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What SMART Wants Isn't in the Staff Report

SMART wants the City of Novato to relieve it of risk within the city limits in Quiet Zones, i.e., reduce its operating costs.

These segments of Jeff Walters, Novato City Attorney, interacting with Pat Eklund, Novato Council woman, re Quiet Zones and risk to the City of Novato are legally very important (not including the Michael Frank's comments). They show us what SMART is asking for and why Novato shouldn't give it to them. None of this is in the staff report which was included in the agenda packet. Here is a link to the video until we can get embedding to work. The link begins at 1:31:23. Be patient. It takes about 2 minutes to load with a rapid internet connection, maybe 5 minutes with a slower connection. The pertinent part is over after 10 minutes. It is worth the wait. Manually press the pause button after 1:42:00.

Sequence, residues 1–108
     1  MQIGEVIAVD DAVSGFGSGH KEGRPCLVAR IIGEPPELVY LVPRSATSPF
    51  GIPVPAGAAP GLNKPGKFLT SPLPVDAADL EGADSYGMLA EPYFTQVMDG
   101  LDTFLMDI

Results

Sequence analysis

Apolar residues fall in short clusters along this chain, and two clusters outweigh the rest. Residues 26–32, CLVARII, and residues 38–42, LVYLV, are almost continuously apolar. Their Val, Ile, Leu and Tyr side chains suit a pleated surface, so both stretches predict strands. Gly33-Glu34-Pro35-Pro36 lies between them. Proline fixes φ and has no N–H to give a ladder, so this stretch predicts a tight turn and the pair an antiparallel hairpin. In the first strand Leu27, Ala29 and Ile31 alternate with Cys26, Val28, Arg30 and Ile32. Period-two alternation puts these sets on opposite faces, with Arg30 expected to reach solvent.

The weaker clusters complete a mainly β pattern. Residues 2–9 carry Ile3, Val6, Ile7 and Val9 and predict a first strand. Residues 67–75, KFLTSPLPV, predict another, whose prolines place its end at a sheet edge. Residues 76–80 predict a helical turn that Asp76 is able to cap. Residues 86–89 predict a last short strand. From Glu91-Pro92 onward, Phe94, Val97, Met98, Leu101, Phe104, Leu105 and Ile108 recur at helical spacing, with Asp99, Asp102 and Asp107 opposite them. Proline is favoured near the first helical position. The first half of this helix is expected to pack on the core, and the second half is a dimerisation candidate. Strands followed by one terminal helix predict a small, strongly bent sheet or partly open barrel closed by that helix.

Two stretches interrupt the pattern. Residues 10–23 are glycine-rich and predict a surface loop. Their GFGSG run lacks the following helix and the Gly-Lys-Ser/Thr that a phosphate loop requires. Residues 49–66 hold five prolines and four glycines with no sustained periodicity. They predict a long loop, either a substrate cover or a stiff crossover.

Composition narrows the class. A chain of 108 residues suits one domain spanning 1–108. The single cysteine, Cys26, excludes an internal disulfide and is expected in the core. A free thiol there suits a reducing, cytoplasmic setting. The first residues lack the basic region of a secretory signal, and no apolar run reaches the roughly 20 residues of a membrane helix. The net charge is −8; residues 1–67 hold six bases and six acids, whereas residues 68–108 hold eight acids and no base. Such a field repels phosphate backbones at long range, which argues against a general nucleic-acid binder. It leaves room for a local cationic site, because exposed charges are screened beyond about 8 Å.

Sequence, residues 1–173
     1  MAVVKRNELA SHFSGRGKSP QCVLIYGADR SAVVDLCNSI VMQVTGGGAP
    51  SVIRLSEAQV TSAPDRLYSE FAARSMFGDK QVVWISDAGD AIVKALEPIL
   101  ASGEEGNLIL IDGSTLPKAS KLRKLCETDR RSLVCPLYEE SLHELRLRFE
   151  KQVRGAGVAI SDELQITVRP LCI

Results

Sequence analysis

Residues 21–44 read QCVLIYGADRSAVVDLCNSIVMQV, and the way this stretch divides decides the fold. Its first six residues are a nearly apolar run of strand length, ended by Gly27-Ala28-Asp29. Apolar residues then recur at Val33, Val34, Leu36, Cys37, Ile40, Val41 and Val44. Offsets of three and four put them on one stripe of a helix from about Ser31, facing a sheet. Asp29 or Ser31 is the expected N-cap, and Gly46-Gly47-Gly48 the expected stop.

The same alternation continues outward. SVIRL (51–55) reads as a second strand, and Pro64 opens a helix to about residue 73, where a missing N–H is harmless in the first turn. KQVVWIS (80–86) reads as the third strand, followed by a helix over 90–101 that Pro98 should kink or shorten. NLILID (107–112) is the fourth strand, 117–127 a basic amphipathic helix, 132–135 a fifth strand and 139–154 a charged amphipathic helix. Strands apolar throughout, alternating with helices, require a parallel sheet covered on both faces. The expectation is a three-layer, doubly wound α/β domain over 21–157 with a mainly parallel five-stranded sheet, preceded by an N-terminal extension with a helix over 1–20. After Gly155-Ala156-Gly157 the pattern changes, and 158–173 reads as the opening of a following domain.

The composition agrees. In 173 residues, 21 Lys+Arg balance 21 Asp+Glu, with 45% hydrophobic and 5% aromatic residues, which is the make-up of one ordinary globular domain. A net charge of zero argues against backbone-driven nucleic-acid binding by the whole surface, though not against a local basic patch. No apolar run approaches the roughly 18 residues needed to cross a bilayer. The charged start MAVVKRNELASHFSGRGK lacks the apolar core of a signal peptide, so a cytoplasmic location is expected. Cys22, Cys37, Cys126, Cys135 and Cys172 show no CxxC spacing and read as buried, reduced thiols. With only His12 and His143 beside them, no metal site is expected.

Jeff Walters starts his background presentation about Quiet Zones and risk to the City of Novato earlier at 1:12:53 just after Michael Frank suggesting that he may move faster than taking 6 months about bringing his (Franks' own) findings about Quiet Zones and risk back to the Council. If you want to see this part, you will have to move the slider back. Jeff Walters says his investigation so far has uncovered no significant insurance claims with quiet zones or significant risk to the city. Eklund asks for a clarification of Michael Frank at 1:31 where our link starts. She addresses Jeff Walters at 1:34 reading the mitigation required of SMART of installing quiet zones from the EIR and continues through at least 1:37:35 with dialogue. Jeff says "I certainly like the idea and we'll use it!" at 1:35. Walters talks for 7 minutes and then the second set of ideas by Pat Eklund is maybe 3 minutes so you're talking about 10 minutes of an imminently watchable video.

 

 

Novato Says No to Additional Passenger Train Funding

 

 

The Novato City Council’s message to those attempting to get a North Bay passenger rail project started: You haven’t earned our trust yet.The council voted 3-2 to recommend that Councilwoman Carole Dillon-Knutson come out against the Transportation Authority of Marin’s tentative plan to put $8 million toward start-up costs for the initial segment of Sonoma-Marin Area Rail Transit service.

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